Tragically, gender bias in road safety is also costing women their lives. In 2018, 8,593 American women were killed in car crashes, a majority of them (61%) in the driver’s seat.[14] A 2013 NHTSA report found that female drivers and right front passengers wearing their seat belts are 17% to 18.5% more likely than their male counterparts to be killed in a crash, largely due to unbalanced safety standards such as the current crash test dummy measures.[15] These uneven odds mean that the death of up to 1,342 mothers, daughters, spouses, and loved ones could be prevented in one year alone. Using National Safety Council (NSC) estimates, these preventable tragedies translate to an economic cost of over $2 billion in 2018.[16] The non-economic costs are immeasurable.

But the fact that the Hybrid III is still the predominant dummy in use for testing today reflects a troublingly persistent and structural gender bias. As Caroline Criado-Perez writes in her book Invisible Women: Exposing Data Bias in a World Designed for Men, car safety tests reflect “the type of unthinking that conceives of humanity as almost exclusively male.”[18]

Automotive engineers who design for the safety of “standard” men also leave the elderly at higher risk for death and serious injury in crashes.[19] This is a growing population: by 2030, the UN expects over 25 percent of people in Europe and North America to be over 60.[20] Yet the Hybrid III does not reflect the posture, bone density, musculature, and overall physiology of older individuals. In 2018, there were 849 preventable fatalities among elderly drivers, at a preventable economic cost of about $1.5 billion. That year there were a total of 230,755 injuries to elderly drivers in the U.S., at an economic cost of almost $3 billion.[21] The NCAP is testing how younger, fitter people do in a car crash, not how older people fare.  

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[5] Fryar, Cheryl D., Deanna Kruszon-Moran, Qiuping Gu, and CynthiaL. Ogden. “Mean body weight, height, waist circumference, and body mass index among adults: United States, 1999–2000 through 2015–2016.” National Health Statistics Reports; no 122. Hyattsville, MD: National Center for Health Statistics, 2018.  


[6] “Cost of auto crashes & statistics.” Rocky Mountain Insurance Information Association (RMIIA), 2015.


[7] “Inclusive crash test dummies: Rethinking standards and reference models.” Gendered Innovations in Science, Health & Medicine, and Environment, Stanford University.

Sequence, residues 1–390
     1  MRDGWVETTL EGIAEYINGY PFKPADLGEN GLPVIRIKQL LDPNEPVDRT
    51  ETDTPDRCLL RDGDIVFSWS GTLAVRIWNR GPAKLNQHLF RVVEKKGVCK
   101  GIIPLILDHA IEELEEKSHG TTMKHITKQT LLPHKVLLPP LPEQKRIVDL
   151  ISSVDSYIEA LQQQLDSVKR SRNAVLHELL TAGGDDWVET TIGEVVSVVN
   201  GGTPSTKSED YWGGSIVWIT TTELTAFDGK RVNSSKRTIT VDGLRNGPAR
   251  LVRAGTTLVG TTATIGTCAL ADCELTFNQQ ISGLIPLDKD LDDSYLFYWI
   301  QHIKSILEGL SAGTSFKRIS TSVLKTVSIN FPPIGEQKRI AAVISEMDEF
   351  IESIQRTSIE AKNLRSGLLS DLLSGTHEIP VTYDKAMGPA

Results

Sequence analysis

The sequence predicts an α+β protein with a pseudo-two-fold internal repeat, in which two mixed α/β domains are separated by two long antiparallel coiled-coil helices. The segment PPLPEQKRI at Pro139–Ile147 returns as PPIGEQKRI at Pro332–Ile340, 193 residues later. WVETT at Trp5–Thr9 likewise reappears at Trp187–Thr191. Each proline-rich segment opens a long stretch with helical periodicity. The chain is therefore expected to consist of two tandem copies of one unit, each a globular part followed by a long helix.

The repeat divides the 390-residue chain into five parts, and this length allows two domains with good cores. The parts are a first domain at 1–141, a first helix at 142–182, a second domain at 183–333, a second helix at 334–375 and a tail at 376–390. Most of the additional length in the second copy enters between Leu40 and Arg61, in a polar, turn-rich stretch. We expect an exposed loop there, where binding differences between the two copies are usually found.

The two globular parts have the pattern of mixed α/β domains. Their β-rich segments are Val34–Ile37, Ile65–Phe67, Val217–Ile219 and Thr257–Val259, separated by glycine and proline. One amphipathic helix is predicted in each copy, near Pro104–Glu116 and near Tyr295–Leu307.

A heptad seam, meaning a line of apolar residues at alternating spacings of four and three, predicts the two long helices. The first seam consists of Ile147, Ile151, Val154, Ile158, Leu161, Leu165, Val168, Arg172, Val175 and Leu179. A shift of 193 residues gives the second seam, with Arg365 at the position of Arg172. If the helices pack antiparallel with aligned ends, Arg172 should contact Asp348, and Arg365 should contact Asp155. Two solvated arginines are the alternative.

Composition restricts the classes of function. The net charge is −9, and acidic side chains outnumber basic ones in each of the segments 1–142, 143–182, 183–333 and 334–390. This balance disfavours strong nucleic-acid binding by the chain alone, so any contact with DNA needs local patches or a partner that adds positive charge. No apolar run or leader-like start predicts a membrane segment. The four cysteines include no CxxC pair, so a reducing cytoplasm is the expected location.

[8] Kahane, Charles J. “Injury vulnerability and effectiveness of occupant protection technologies for older occupants and women.” Report No. DOT HS 811 766. Washington, DC: National Highway Traffic Safety Administration, 2013.   

[12] National Highway Transportation Safety Administration. “Crash Report Sampling System (CRSS).” Accessed March 2020.

[13] Forman, Jason, Gerald S. Poplin, C. Greg Shaw, Timothy L. McMurry, Kristin Schmidt, Joseph Ash, and Cecilia Sunnevang. “Automobile injury trends in the contemporary fleet: Belted occupants in frontal collisions.” Traffic Injury Prevention, 20:6, 607-612. 2019.

[14] Id. NHTSA CRSS.

[15] Kahane, C. J. “Injury vulnerability and effectiveness of occupant protection technologies for older occupants and women.”(Report No. DOT HS 811 766). Washington, DC: National Highway Traffic Safety Administration, May 2013.

[16] National Highway Transportation Safety Administration. “Fatality Analysis Reporting System (FARS).” Accessed March 2020.

[18] Criado-Perez, Caroline. “The deadly truth about a world built for men - from stab vests to car crashes.” The Guardian, 23 Feb. 2019. Excerpted from Invisible Women: Exposing Data Bias in a World Designed for Men, by Caroline Criado Perez (Chatto & Windus).

[19] “Inclusive crash test dummies: Rethinking standards and reference models.” Gendered Innovations in Science, Health & Medicine, and Environment, Stanford University.

[20] United Nations, Department of Economic and Social Affairs, Population Division. “Population 2030: Demographic challenges and opportunities for sustainable development planning” (ST/ESA/SER.A/389). 2015.

[21] Id. NHTSA FARS.


Christopher J. O’Connor

Chris is the CEO and President of the Humanetics Group and is passionate about advancing safety. Through his leadership and mission in developing advanced technology to prevent injury and save lives, he is recognized as the “father of the modern crash test dummy” and one of the industry’s leading safety experts. Chris serves on various boards, has previously worked at several Fortune 500 Companies, and is a US Army Colonel (retired).